Last of the main characters (but certainly not least) is the toy store itself—an architectural mishmash filled with toys of every kind, style, and era. The Emporium is almost always on screen—giving Zach Helm plenty of excuses to focus on people playing with toys. While that might sound boring, we're talking about magical toys here, folks. And lots of them. Though Helm could have just stocked the shelves with CGI merchandise, he and production designer Terésè Deprez collected 10,000-plus toys from shops across America and Europe, filling the Wonder Emporium's 7,000 square feet with enough dolls, balls, rockets, Slinkys, games, paints, life-sized stuffed animals, trains, balloons, and blocks to make FAO Schwartz look like an October yard sale. The toys are the stars of a series of whimsical vignettes which break up the main story. There are the three boys who sneak into a hidden bouncing ball room and discover a giant undodgeable dodge ball; "The Book," a massive catalog capable of conjuring any in-stock item a customer requests; a game of Duck Duck Goose played with an actual goose; and a life-sized statue of Abraham Lincoln built out of the toy logs that bear his name. There's even a cameo appearance by Kermit the Frog as your average celebrity trying to shop without attracting too much attention.
Though this film begs comparison with the work of Roald Dahl, Mr. Magorium's refusal to introduce any real suspense or danger puts this in a different class of kids film—one in which suspension of disbelief extends beyond acceptance of magic to not asking why a parent would willingly bring their child to a store that sells self-aware playthings. And what about Henry Weston? Shouldn't his discovery that Mr. Magorium has never paid taxes require him to alert the IRS? Not, apparently, in this film. Instead, the problems characters face are internal—issues of self-confidence, trouble making friends, lack of imagination—and easily solved by simply believing in yourself. The lack of serious conflict didn't bother me, though. Mr. Magorium's "death" (though treated more as departure than the end of a life) and Mahoney's crisis of faith are enough to give the story emotional weight. It's actually refreshing to watch a movie this "safe." I'm not going to say kids should be lied to about the difficulties of life, but there's no reason everything they see in movies or on TV should focus on the negative.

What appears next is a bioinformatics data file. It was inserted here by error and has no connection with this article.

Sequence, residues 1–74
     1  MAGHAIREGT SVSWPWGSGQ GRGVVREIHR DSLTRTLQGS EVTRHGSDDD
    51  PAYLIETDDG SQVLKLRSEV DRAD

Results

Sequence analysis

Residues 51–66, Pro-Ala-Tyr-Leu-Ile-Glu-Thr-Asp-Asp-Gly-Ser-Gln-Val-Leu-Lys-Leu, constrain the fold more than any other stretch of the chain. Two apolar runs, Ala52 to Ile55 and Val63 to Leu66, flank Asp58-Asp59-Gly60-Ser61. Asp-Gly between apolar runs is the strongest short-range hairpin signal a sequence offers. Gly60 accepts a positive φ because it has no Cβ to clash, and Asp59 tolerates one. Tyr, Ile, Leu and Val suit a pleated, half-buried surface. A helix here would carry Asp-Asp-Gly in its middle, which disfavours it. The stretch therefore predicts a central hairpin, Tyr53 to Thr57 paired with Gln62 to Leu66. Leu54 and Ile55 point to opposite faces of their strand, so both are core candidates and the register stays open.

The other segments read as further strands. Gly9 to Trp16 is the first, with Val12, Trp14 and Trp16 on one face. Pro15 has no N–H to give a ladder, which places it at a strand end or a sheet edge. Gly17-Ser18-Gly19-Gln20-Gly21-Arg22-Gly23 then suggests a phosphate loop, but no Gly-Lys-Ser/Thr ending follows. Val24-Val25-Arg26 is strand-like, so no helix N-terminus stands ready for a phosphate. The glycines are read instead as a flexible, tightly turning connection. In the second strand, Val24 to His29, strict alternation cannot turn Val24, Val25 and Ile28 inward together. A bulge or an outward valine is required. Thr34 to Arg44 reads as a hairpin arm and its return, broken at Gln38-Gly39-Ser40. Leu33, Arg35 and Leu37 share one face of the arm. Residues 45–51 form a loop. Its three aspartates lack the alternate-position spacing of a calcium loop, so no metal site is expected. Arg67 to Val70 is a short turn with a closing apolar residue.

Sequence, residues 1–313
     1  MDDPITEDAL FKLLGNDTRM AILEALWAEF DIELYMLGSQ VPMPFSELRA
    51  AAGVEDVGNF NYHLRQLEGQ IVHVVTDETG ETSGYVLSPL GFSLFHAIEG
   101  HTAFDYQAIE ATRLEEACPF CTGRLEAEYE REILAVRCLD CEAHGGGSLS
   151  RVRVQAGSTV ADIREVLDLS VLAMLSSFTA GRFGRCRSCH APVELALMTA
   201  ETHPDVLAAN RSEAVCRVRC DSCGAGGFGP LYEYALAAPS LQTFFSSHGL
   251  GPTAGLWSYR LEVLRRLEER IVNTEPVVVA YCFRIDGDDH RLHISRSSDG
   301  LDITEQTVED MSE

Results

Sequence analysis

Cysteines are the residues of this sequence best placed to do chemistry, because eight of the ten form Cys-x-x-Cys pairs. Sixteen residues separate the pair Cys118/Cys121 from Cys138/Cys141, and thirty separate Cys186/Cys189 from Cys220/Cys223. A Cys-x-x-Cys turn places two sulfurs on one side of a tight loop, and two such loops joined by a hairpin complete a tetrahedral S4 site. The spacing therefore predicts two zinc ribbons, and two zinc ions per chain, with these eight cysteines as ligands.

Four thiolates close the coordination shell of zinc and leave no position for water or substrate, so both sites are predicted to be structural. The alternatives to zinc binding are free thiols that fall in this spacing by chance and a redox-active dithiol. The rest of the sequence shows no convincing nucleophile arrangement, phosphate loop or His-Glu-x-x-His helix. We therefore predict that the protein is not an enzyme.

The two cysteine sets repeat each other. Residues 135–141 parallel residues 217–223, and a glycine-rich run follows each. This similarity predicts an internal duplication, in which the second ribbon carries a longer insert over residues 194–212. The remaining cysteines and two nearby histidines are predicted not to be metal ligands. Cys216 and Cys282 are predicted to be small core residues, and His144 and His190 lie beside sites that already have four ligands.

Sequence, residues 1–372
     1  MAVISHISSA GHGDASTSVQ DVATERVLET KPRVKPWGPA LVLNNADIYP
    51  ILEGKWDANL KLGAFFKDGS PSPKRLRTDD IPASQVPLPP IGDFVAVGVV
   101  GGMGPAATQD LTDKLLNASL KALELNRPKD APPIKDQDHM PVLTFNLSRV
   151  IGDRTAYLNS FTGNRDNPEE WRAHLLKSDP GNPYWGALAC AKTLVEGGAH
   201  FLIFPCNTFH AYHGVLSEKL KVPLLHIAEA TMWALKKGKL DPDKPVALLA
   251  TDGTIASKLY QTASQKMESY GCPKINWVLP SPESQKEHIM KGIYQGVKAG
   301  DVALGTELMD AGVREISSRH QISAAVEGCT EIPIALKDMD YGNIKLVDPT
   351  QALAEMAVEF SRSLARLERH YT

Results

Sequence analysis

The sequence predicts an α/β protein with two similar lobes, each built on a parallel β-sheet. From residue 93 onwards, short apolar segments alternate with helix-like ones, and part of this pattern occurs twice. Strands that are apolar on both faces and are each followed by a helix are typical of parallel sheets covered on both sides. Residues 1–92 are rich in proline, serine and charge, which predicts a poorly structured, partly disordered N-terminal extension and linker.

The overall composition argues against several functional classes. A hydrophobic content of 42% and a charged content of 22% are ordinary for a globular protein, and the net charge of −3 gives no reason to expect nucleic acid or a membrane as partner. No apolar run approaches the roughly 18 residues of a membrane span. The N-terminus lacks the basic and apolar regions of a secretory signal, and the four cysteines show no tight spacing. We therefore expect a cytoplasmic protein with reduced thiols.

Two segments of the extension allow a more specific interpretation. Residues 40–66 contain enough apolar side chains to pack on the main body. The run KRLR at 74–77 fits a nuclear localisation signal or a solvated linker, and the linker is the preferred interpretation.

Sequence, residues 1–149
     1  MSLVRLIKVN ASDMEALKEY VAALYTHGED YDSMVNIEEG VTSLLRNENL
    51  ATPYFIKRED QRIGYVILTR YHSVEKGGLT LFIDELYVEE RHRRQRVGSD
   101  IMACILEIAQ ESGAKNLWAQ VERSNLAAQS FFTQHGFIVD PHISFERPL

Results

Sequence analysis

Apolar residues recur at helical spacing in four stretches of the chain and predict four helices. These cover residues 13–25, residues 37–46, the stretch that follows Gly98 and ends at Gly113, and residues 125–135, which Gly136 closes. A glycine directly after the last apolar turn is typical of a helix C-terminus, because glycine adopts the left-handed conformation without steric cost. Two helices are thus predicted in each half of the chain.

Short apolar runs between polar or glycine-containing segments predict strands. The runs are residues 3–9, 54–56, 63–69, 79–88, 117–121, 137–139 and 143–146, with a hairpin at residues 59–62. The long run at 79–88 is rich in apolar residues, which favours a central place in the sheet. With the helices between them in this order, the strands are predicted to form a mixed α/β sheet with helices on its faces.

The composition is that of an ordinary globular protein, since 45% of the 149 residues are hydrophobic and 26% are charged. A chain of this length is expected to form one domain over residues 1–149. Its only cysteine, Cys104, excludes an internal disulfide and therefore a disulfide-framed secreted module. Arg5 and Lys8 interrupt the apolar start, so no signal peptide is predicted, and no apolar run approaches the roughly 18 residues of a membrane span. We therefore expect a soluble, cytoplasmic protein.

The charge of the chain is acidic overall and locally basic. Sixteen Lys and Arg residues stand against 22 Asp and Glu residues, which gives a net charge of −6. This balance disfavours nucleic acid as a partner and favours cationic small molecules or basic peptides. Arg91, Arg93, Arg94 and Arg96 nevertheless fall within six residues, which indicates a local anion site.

Colorful and energetic, Mr. Magorium is a feast for the eyes. From the memorable title sequence and the store's overflowing nooks and crannies, to Eric's massive hat collection and Mr. Magorium's wild eyebrows, the film is packed with details the DVD transfer shows off beautifully. The score, though a little bombastic at times, works with Helm's kinetic direction to create a fantastic world where the only thing children are expected to do is play.
The extras are all fairly standard making-of featurettes. Presented in widescreen, they focus on the actors, director, set design, screenplay, and what it's like to work with a live zebra. There's no commentary, which is too bad (though it's not really the kind of extra you'd expect the film's target audience to clamor for). They're almost all worth a look—the only clunker is backstage-antics montage "Fun on the Set."
The Rebuttal Witnesses
This isn't a movie for everyone. What I saw as charming, others might see as overly saccharine. It's certainly not a film I'd expect a group of 20-something guys to pop in the DVD player on a Saturday night. But if you've got kids, or just want to watch something that expresses a worldview that isn't dripping with cynicism, give it a try.
And while I enjoyed the film, I wouldn't put it on the same level as time-tested family classics like Willy Wonka and the Chocolate Factory and Mary Poppins. I can't quite put my finger on what it is, but Mr. Magorium doesn't feel like the kind of movie you'll go around quoting years from now. It's fun while you're watching it, but even the nicest of dreams have a tendency to fade by morning.
With a top-notch cast, a clever script, stylish design, and a heartwarming story, Mr. Magorium's Wonder Emporium is a wonderful family film that's not only for the 10-and-under set. If you've ever walked by a toy and had to restrain yourself from picking it up, this is the movie for you. Even if you have to watch it with a kid to maintain plausible deniability, give it a try. Your inner child will thank you.
There's no way I'm gonna tick off a temperamental magic toy store. Not guilty.
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Scales of Justice
• "Strangely Weird and Weirdly Strange: The Magical World Of A Wonder Emporium"